Redox remodeling is pivotal in murine diaphragm muscle adaptation to chronic sustained hypoxia

Philip Lewis, David Sheehan, Renata Soares, Ana Varela Coelho, Ken D. O'Halloran

Research output: Contribution to journalArticlepeer-review

23 Scopus citations


Mechanisms underpinning chronic sustained hypoxia (CH)-induced structural and functional adaptations in respiratory muscles are unclear despite the clinical relevance to respiratory diseases. The objectives of the present study were to thoroughly assess the putative role of CH-induced redox remodeling in murine diaphragm muscle over time and the subsequent effects on metabolic enzyme activities, catabolic signaling and catabolic processes, and diaphragm muscle contractile function. C57Bl6/J mice were exposed to normoxia or normobaric CH (fraction of inspired oxygen = 0.1) for 1, 3, or 6 weeks. A second cohort was exposed to CH for 6 weeks with and without antioxidant supplementation (tempol or N-acetyl cysteine). After CH exposure, we performed two-dimensional redox proteomics with mass spectrometry, enzyme activity assays, and cellsignaling assays on diaphragm homogenates. We also assessed diaphragm isotonic contractile and endurance properties ex vivo. Global protein redox changes in the diaphragm after CH are indicative of oxidation. Remodeling of proteins key to contractile, metabolic, and homeostatic functions was observed. Several oxidative and glycolytic enzyme activities were decreased by CH. Redoxsensitive chymotrypsin-like proteasome activity of the diaphragm was increased. CH decreased phospho-forkhead box O3a (FOXO3a) and phospho-mammalian target of rapamycin content. Hypoxiainducible factor-1a and phospho-p38 mitogen-activated protein kinase content was increased in CH diaphragm, and this was attenuated by antioxidant treatment. CH exposure decreased forceand power-generating capacity of the diaphragm, and this was prevented by antioxidant supplementation with N-acetyl cysteine but not tempol. Redox remodeling is pivotal for diaphragm adaptation to CH, affecting metabolic activity, atrophy signaling, and functional performance. Antioxidant supplementation may be useful as an adjunctive therapy in respiratory-related diseases characterized by hypoxic stress.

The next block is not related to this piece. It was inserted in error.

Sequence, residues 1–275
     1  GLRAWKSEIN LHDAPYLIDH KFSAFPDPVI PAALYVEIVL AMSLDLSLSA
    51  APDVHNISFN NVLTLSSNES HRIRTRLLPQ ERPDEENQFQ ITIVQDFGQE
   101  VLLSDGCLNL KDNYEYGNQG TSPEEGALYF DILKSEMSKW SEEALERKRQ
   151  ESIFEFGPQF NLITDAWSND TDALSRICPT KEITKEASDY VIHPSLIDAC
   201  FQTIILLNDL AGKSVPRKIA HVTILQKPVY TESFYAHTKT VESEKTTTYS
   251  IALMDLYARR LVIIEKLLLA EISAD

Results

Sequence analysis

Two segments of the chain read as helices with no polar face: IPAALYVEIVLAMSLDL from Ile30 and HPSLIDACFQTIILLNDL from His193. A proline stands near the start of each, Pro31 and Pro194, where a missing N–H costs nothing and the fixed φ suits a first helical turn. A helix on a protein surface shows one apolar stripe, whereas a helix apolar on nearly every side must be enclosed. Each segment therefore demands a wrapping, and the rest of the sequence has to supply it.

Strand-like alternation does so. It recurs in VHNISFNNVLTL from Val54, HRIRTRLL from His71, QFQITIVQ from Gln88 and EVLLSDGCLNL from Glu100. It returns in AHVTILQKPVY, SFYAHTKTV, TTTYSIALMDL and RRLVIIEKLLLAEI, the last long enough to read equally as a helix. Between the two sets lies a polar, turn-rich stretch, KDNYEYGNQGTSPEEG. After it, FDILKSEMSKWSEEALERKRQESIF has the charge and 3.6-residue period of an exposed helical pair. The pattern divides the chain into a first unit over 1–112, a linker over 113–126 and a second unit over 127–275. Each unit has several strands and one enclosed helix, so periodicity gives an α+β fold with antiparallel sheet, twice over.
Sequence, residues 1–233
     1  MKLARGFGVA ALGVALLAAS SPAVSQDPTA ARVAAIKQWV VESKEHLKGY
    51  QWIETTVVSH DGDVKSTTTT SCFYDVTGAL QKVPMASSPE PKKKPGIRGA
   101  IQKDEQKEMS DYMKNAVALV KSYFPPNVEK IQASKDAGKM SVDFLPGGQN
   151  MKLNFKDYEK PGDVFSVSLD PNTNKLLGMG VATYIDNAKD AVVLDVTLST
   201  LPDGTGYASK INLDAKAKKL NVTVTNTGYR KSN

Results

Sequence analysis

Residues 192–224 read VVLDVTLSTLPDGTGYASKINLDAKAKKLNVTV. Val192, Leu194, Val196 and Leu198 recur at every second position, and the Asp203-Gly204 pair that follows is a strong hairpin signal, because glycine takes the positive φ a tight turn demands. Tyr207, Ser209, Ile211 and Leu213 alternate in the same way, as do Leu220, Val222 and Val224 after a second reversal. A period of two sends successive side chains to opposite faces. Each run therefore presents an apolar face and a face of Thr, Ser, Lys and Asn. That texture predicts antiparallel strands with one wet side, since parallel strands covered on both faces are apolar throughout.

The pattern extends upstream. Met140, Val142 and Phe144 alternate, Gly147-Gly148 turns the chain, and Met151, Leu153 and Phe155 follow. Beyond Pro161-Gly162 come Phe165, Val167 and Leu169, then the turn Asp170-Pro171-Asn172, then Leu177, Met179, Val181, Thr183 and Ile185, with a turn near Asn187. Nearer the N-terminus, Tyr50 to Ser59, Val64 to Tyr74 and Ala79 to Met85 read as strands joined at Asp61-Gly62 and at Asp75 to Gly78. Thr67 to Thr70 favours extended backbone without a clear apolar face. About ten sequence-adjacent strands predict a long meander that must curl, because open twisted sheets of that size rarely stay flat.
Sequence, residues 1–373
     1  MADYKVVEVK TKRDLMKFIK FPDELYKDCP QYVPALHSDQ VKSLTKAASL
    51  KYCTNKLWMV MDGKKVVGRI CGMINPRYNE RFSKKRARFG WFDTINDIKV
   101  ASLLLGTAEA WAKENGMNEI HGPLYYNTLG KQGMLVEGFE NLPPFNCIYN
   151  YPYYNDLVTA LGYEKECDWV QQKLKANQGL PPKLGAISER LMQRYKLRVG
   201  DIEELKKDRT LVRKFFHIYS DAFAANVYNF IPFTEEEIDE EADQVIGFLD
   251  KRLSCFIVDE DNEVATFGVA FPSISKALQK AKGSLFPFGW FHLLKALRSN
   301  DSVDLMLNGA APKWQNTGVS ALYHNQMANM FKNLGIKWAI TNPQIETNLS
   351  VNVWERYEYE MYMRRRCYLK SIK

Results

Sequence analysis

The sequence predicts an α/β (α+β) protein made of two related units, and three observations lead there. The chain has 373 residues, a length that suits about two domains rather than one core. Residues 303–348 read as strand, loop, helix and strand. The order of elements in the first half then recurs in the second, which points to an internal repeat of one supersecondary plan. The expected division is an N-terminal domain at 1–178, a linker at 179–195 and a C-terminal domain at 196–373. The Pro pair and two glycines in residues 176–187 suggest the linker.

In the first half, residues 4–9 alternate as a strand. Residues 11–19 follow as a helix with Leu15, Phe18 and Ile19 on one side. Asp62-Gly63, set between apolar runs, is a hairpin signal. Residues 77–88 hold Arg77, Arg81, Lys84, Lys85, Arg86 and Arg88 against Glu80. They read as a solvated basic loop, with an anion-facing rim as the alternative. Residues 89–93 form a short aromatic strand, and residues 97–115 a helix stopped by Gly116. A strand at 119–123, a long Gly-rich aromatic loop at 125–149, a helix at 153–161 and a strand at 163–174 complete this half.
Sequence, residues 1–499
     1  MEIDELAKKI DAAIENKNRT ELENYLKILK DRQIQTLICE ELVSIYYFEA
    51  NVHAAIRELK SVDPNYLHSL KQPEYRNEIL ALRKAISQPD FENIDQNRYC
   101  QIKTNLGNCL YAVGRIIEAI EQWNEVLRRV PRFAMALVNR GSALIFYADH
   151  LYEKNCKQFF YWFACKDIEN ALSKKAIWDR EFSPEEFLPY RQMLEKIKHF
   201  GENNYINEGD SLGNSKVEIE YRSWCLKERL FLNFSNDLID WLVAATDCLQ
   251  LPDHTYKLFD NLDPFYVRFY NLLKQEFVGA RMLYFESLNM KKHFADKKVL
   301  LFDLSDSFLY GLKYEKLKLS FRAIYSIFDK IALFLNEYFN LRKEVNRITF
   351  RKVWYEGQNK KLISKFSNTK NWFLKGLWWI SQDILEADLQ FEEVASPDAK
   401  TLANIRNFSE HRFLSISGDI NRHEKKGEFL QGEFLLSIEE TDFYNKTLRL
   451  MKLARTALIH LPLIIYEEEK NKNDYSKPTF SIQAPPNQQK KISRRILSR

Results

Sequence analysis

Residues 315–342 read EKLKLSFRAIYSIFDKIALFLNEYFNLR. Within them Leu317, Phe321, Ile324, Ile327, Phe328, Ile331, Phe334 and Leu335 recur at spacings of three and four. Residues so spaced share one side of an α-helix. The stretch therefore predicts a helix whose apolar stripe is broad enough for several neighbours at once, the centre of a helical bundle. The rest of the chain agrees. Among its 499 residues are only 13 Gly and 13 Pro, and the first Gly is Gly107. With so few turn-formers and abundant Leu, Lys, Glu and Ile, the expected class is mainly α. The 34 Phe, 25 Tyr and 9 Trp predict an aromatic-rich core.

Original languageBritish English
Pages (from-to)12-23
Number of pages12
JournalAmerican Journal of Respiratory Cell and Molecular Biology
Issue number1
StatePublished - Jul 2016


  • Antioxidants
  • Cell signaling
  • Diaphragm
  • Function
  • Hypoxia


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